Whether you’ve been working in sales for a week, a year, or a decade, you know that there are many instances when a prospect will object, for whatever reason, to moving forward with a sale.
Some of these objections are legitimate, but many of them – even ones that might seem unsurmountable – might be conquered with the right approach. If you just smiled and hung up every time a prospect seemed reticent to move forward, you probably wouldn’t be doing much selling anyway!
Knowing when to push and when to back off is a hallmark trait of a sales person worth their salt. That said, there are some common objections you’ve likely heard more than once, so let’s take a look at some common prospect objections, and how you might overcome them.
We’re already working with Competitor X.
So your prospect hits you with the “We already work with this competitor of yours, we don’t need you” line.
Here’s where your own education comes in.
In this scenario, you must demonstrate a knowledge of said competitor, as well as a confident knowledge of how your organization can offer something better – and different. Asking a prospective customer to cut ties with an existing vendor in order to partner with your business is a tall order. So tell them how you understand why they might like working with Competitor X, but that your organization offers something different. Then, if you have time, share some information about how your organization works with a company that also partners with Competitor X.
We can’t afford it.
The “it’s not in our budget” line is a tough one.
And, if budget is a crucial part of what you use to define a qualified lead, it very well may be the end of the road. That said, it’s not always the stopping point, and offers an opportunity for you to learn more about what they mean, exactly, when they say they “don’t have the budget.” What that might actually mean is, they have gone through this quarter’s budget but next quarter is a fresh start. Or, they might be able to find some budget if you show more value. Either way, you should emphasize that you aren’t asking them to buy anything right now, and that you’d like an opportunity to share how you might bring value to their company. Who can object to that?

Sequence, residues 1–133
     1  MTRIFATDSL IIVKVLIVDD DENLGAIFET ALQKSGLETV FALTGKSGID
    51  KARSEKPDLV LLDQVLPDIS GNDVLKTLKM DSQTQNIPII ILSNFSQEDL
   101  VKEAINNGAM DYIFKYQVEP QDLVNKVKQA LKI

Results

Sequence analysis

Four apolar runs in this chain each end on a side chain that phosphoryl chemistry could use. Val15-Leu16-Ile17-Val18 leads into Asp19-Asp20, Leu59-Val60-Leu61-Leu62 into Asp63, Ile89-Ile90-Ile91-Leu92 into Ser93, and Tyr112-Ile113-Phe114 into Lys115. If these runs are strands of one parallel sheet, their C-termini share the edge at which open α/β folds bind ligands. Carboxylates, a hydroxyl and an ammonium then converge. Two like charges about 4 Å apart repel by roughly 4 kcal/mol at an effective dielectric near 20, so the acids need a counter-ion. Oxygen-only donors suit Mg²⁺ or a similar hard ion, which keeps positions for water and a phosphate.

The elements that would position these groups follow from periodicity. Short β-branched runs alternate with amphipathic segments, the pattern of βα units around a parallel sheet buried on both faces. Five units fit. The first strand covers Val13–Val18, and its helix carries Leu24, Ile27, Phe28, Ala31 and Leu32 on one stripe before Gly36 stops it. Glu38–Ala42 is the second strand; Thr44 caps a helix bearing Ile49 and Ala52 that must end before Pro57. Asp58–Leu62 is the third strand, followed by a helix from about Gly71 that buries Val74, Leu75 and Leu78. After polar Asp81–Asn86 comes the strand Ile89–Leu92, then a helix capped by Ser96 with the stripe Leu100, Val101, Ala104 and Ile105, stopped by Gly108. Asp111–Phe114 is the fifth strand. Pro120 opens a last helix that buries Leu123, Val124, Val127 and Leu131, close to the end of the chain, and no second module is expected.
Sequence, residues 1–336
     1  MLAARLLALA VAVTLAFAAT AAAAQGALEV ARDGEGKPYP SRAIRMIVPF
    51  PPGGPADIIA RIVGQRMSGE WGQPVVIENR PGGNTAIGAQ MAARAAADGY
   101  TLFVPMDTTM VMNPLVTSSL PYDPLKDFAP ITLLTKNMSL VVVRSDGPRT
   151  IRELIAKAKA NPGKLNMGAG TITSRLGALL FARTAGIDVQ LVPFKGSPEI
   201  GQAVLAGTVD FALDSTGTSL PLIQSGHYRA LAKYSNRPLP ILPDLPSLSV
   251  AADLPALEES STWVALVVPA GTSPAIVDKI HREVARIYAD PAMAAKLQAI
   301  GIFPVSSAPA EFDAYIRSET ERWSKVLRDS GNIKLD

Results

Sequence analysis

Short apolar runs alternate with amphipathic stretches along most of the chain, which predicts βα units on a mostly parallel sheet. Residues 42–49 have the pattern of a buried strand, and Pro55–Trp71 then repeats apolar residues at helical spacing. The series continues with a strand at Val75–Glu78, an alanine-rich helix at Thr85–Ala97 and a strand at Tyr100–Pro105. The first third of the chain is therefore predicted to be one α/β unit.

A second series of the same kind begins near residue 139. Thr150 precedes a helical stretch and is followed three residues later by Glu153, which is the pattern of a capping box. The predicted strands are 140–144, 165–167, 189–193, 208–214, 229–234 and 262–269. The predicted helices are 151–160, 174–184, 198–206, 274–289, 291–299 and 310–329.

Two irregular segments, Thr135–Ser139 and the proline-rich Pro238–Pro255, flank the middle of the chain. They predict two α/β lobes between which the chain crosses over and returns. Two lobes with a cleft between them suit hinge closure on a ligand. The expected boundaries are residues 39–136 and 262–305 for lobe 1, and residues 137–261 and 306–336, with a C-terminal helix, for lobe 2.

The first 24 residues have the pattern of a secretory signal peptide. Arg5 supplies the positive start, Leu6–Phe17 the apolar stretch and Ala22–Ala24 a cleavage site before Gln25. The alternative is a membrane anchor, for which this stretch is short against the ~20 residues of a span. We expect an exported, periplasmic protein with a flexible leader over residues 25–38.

This isn’t the right time. Call me back in six months.
We’re all busy. Your prospects are no exception.
It may be that you simply caught them on a day where they’re just swamped, and are feeling unable to really contemplate a partnership with your organization. If the budget in this scenario is big, they might be feeling pressured to make an important decision too quickly. In this scenario, it’s important to reassure them that you aren’t asking them to buy anything right now. In your next breath, you should demonstrate value.
You want to be the tool, service, or solution they can’t afford to postpone. Finally, make sure you acknowledge that they are busy, but offer a low-friction solution, like a five-minute phone call follow-up, and impress upon them that this will ultimately save time by determining if a relationship is worth pursuing.
Sales is an art, and knowing how to balance that fine line between “unsurmountable challenge” and “conquerable roadblock” can mean the difference between a missed opportunity and a successful partnership.